Featured Painting: The March of Time

My recent oil painting The March of Time was a chromatic piece, masking details with broad strokes, employing repetitive patterns to emphasis the underlying messages, and exploring the deep emotions with subtle tonal variation.

The painting depicted a wasted land – wreckage of houses in various degree of decay, scattered around a no-man’s land in spots where they once proudly stood but barely hanging on with ineffective supports of crutches and buttresses. This wasteland was the product of ruthless time, as manifested in the title; yet, it was hard not to think what humans, who once built and occupied those now abandoned structure, had contributed to this vast span of ruin.

The March of Time / 時光的流逝 / Der Lauf der Zeit
The March of Time
Oil on Canvas
24″ x 30″
Completed in 2016

This painting was selected to be part of the “Fresh Works VII” juried exhibition at Firehouse Arts Center’s Harrington Gallery in Pleasanton in May through June 2017, and was recognized with a Honorable Mention Award, by Juror Ryan Reynolds, Assistant Professor of Art at Santa Clara University.

Portrait Painting “Grandma”

If I have to summarize my career as an artist, I would say that the biggest achievement I’ve attained was the creation of my portrait painting “Grandma”.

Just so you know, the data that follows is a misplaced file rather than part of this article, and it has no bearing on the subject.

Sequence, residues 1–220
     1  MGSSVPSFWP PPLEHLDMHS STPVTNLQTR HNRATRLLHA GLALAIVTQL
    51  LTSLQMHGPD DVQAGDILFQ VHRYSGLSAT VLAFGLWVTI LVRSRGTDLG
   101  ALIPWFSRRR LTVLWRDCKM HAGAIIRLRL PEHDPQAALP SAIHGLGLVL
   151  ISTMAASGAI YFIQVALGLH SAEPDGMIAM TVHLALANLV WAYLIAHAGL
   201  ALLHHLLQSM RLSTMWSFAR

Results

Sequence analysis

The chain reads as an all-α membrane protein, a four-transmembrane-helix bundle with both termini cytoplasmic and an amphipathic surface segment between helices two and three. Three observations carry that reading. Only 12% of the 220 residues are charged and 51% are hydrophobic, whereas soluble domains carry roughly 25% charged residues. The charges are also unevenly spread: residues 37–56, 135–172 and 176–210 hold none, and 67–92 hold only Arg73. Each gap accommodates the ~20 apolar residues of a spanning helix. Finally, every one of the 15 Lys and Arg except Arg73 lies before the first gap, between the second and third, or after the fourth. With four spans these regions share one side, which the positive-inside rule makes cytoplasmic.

Grandma / 祖母 / Oma, Oil on Canvas, 40" x 30", Completed in 2003

Grandma / 祖母 / Oma
Oil on Canvas
40″ x 30″
Completed in 2003

11 Paintings Completed in 2003  (part 2 of 2)

This painting, created during the time when George W. Bush was drumming up to invade Iraq, despite the series opposition from the people within and without the US.

At the time, I was reading Günter Grass’s fantastic novel The Tin Drum (Die Blechtrommel), and was struck by a passage depicting the a protagonist’s old peasant grandma, whose presence in the novel, though not frequent, but impressive, due to the wonderful depiction of the author of her at various phases of her long life – many layers of her skirts, her peeling potatoes, the heated bricks
she used to stay warm, again, underneath her layers of skirts.

I have painted several portraits of old women.  To me, they often can be categorized as sibyl, a word comes (via Latin) from the Greek word σίβυλλα sibylla, meaning prophetess. Old women are the personifications of mysterious wisdom and deep compassion, and the grandma in The Tin Drum was the personification of just that.

To generate a working-class and wise woman, I gave her a pair of large knotting hands and wrinkled face, and emphasized her stiff posture, against the equally thinly painted menacing sky, and somewhat comforting trees, whose monumentality again gave the grandma an air of a Greek goddess, all seeing, compassionate, and formidable.

This painting is part of my ongoing Apocalypse Series and can be purchased via a trusted third party vendor, ArtSlant, which also chose it as a Showcase Winner.